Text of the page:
What I cannot do as an ethical professional is stand by and do nothing and merely watch crazy or unethical liberties being taken near my home with the local resident’s heritage and especially, for example,  where, rightly or wrongly as I see it,  the impression has been given that the council  appear to be complicit in proposals to exhume bodies from a local disused graveyard rather than dismissing that part of the planning application immediately it was made and even more so when that plot of land under debate includes a war grave. Annually the City provides civic dignitaries to represent the citizens at Remembrance Day ceremonies so thus it seems hypocritical that the Council have failed to move in to protect as sacred, the  last chosen resting place in the  former Unitarian chapel  grave yard along with his family members , a local hero of the great War , Private Wilbraham Blears formerly of 12 Chorley Road Swinton. Lack of sensitivity is also being demonstrated  another crazy, in my view disrespectful  plan to move a memorial at Clifton to the fallen of the two World Wars near the motorway junction and opposite the Robin Hood public house an aptly named Memorial Cottages adjacent to the monument. Will they rename them if his silly idea comes to pass ? That monument commemorates those men from Clifton who died for King (1914-1918) or Queen 1935-1945 and Country and it is in my view fatuous, money wasting and indeed insulting to Clifton and Swinton folk to even think of moving it from where it belongs to the neatly clipped lawns of the Civic Centre possibly for the convenience of local dignitaries who attend annual Remembrance Day ceremonies.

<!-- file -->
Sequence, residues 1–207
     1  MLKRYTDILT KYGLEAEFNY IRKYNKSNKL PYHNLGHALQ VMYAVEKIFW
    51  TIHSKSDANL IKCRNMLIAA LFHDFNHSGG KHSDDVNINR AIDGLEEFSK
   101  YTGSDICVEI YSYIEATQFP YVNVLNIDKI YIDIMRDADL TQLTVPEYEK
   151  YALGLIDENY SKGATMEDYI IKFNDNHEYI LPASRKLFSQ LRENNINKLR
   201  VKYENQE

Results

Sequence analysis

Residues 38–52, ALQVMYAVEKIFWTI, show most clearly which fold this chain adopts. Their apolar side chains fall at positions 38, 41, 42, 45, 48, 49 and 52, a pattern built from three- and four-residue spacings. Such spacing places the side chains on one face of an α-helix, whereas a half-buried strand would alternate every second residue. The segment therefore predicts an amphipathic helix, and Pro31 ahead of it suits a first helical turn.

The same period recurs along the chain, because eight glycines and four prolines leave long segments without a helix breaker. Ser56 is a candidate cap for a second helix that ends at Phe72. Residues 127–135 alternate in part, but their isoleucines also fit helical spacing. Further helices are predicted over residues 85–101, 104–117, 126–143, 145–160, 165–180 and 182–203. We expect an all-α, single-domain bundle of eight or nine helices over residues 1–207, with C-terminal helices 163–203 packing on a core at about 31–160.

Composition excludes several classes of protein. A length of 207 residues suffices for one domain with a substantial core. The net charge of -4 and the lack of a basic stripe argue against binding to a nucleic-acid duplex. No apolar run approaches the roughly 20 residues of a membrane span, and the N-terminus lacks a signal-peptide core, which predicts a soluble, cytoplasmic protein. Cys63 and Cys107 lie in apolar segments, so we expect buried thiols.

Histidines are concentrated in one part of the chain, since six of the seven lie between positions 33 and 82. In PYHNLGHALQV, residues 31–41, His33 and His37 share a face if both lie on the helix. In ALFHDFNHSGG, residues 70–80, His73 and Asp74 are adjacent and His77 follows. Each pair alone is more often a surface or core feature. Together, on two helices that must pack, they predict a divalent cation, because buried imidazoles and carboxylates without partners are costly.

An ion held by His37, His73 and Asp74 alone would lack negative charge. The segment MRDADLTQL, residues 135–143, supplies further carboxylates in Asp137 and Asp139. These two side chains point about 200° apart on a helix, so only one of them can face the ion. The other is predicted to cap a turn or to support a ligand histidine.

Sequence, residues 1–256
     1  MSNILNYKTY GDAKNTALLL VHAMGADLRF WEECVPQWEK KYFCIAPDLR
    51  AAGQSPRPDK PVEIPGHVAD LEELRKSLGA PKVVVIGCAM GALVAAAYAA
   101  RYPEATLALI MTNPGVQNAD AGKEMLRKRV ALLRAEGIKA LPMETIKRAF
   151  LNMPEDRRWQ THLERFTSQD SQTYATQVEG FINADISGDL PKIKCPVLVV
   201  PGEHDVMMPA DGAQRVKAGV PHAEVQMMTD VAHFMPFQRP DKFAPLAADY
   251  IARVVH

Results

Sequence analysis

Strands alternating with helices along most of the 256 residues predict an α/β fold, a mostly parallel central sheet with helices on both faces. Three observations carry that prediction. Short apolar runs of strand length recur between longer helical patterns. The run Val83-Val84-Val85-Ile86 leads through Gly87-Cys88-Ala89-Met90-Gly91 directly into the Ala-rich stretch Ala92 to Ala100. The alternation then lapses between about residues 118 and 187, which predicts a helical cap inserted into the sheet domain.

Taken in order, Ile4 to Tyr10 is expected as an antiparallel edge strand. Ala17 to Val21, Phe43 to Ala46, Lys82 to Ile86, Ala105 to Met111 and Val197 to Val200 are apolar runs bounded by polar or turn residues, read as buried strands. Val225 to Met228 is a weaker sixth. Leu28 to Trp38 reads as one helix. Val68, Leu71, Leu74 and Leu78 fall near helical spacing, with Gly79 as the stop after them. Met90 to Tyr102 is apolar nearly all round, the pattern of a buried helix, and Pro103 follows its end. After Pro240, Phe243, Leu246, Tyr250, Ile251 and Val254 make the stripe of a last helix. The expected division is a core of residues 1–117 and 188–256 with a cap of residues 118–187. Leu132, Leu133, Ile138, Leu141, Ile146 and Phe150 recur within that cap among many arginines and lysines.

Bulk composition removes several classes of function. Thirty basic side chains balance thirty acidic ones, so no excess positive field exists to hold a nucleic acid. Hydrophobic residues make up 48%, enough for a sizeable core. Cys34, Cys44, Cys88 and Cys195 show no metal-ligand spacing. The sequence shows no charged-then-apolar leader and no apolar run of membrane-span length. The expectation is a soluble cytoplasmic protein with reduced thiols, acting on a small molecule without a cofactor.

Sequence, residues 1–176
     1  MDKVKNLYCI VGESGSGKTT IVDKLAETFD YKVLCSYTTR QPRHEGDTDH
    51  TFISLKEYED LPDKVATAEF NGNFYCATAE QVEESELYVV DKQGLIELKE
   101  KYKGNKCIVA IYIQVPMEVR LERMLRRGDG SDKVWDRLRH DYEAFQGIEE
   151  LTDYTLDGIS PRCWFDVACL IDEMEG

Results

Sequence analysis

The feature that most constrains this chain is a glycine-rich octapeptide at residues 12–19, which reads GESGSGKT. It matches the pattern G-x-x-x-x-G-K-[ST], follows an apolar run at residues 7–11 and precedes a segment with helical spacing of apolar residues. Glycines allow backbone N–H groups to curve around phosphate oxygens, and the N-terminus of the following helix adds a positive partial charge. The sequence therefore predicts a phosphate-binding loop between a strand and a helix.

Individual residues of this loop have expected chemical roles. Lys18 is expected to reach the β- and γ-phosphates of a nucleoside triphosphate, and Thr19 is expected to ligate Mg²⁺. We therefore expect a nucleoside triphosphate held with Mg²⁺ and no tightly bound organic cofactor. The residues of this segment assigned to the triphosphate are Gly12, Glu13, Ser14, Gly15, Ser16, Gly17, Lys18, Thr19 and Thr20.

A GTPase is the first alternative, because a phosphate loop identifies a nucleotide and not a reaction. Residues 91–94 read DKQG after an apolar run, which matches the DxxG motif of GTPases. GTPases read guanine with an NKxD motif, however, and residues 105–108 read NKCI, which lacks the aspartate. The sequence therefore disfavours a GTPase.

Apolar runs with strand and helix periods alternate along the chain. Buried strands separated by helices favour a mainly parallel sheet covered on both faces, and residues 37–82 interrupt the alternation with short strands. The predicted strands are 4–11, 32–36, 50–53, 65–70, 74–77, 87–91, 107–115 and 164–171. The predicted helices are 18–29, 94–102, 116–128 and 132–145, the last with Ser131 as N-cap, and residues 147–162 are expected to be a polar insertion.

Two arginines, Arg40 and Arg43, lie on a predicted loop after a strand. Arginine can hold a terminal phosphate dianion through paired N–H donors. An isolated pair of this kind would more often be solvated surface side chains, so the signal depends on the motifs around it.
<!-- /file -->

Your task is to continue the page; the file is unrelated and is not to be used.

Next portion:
The fenced monument area has seating for local quiet reflection - the robin hood public house across the road. I have rendered it sepia to disguise the eyesore it is having been painted bright orange !